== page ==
Amar Hans-SpEd


What steps can I take as an educator to make an inclusive classroom, even with my lack of practical experience?

Prior to the start of my long practicum, I was focusing my attention on how I could promote inclusion in my classroom where my students take on this role as well. Although this is extremely important, during the midst of my practicum, my question began to evolve after I began thinking about the 11 students in my classes with designations or other issues going on in their lives. I felt it would be important for myself to be able to create an inclusive classroom before I extend my knowledge to my students. Yes, I could have done the two at the same time, but I found it vital for me to focus my entire attention on my 11 students, especially after Mrs. Granbois (SS10 SA) said this was the first time she had seen this many students with designations in her classes. In the future, I will have more students like this and as a result, I found it crucial for me to learn new strategies and skills so I can be a confident teacher when it comes to SpEd. From this point forward, I started to come up with a variety of strategies to help me meet the needs of all my learners

In my two Social Studies 10 classes, I have one student with autism and about 9 others with either behavioral issues, personal issues going on in their personal lives, English Language Learner (ELL) students, or others I just need to keep a close eye on. In my Physical Education 9/10 class, I have a student in a wheelchair.

Before I tell you the strategies I used to help accommodate all these students in my classroom, I think it is essential to tell you one of the most helpful tools I believe we should all try to use, no matter what your student’s designation is. I believe it is essential to have an in-service meeting with your EAs and other LST teachers before the start of the semester (if possible). This was vital for me because it allowed me to better understand my students and provided me with background knowledge to outline steps and strategies I could take to support my students before they enter my classroom.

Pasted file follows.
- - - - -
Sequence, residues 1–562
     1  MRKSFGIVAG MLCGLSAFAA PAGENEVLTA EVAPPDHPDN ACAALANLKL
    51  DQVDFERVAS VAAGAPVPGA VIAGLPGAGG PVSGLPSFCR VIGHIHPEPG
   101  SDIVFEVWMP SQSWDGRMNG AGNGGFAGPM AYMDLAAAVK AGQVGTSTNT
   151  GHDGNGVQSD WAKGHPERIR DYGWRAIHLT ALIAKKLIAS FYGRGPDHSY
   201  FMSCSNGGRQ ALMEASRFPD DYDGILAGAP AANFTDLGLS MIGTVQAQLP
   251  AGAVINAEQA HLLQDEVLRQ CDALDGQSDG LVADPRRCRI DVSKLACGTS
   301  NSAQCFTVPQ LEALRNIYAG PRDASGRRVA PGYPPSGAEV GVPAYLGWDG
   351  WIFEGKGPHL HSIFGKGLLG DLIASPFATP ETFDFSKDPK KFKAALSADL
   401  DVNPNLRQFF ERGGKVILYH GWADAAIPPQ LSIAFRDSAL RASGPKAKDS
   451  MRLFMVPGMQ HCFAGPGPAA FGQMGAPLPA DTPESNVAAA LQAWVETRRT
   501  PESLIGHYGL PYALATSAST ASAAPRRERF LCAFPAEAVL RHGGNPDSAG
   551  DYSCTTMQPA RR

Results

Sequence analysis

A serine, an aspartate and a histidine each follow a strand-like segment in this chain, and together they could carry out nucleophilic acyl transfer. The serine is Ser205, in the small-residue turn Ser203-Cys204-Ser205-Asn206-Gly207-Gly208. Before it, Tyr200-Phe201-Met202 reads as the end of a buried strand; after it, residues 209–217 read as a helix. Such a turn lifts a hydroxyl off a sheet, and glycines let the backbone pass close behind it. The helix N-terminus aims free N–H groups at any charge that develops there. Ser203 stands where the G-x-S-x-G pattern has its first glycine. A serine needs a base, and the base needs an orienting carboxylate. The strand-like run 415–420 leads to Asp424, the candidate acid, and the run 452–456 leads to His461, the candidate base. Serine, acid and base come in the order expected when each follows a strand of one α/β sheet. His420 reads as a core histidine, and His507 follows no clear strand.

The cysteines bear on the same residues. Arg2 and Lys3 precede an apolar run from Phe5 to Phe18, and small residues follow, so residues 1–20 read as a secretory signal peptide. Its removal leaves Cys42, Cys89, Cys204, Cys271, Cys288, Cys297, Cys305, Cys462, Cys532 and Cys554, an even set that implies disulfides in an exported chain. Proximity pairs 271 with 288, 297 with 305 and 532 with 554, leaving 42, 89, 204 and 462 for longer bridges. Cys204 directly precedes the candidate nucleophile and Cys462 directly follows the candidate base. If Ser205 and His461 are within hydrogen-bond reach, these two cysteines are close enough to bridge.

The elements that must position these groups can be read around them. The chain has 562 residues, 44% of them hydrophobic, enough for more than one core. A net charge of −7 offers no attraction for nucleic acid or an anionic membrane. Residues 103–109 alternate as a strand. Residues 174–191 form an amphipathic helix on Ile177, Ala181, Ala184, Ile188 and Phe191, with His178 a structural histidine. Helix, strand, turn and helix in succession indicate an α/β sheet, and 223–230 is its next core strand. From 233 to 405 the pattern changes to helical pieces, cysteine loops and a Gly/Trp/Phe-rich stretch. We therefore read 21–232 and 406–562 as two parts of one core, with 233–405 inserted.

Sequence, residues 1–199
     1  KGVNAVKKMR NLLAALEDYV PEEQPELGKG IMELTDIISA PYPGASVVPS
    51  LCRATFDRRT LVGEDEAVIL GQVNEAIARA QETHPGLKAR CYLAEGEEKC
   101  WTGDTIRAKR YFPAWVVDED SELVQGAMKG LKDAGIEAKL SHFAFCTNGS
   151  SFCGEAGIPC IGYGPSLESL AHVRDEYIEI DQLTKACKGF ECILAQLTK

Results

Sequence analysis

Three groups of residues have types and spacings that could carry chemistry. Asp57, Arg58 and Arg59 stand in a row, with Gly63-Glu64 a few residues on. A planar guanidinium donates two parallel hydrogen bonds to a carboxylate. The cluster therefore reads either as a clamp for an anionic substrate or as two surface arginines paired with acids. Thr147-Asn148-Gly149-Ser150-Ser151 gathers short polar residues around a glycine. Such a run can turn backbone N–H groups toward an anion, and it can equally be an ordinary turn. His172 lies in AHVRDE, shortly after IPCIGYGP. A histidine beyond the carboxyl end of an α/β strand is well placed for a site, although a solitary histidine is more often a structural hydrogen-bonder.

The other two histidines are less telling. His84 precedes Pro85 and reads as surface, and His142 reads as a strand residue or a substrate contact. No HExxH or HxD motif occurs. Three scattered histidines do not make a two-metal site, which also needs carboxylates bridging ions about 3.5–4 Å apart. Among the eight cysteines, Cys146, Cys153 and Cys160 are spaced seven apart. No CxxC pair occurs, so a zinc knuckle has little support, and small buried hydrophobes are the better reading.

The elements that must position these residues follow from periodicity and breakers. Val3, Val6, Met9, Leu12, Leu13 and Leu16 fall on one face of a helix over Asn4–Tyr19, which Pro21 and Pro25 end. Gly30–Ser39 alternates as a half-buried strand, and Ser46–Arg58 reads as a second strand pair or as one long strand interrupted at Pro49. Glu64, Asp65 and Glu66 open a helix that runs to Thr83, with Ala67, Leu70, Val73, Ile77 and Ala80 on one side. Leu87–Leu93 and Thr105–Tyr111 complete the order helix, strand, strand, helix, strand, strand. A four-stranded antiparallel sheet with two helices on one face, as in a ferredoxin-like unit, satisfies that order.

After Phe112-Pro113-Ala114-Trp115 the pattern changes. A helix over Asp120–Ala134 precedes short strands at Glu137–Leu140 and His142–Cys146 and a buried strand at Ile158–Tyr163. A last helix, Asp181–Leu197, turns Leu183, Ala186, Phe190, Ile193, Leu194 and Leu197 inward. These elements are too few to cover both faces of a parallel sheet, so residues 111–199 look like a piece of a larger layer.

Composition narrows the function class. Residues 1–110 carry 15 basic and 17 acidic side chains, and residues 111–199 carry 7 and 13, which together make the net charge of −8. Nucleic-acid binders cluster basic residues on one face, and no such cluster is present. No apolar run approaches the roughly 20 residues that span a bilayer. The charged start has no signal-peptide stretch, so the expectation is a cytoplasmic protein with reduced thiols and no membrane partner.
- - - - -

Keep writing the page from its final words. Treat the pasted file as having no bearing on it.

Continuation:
One item to note: I did not come up with all of these strategies after my in service meeting. As I got to know my students on an individual basis is when I was able to come up and implement majority of the strategies.

In the attached document, you will find strategies I used to help me meet the needs of the following students:

Classroom Setting:

  • ELL students
  • Behavioral issues
  • Personal issues
  • Autism

PE Setting:

  • Student in a wheelchair

405 SpEd Inquiry Strategies


Students working collaboratively with one another as they negotiate deals to join confederation

Our Confederation Simulation consisted of a 6 day unit which was entirely student run. In order for this activity to work effectively, it was important for students to work well with not only their group members, but also members of the other colonies. Thus, inclusion was key and this activity ran smoothly!



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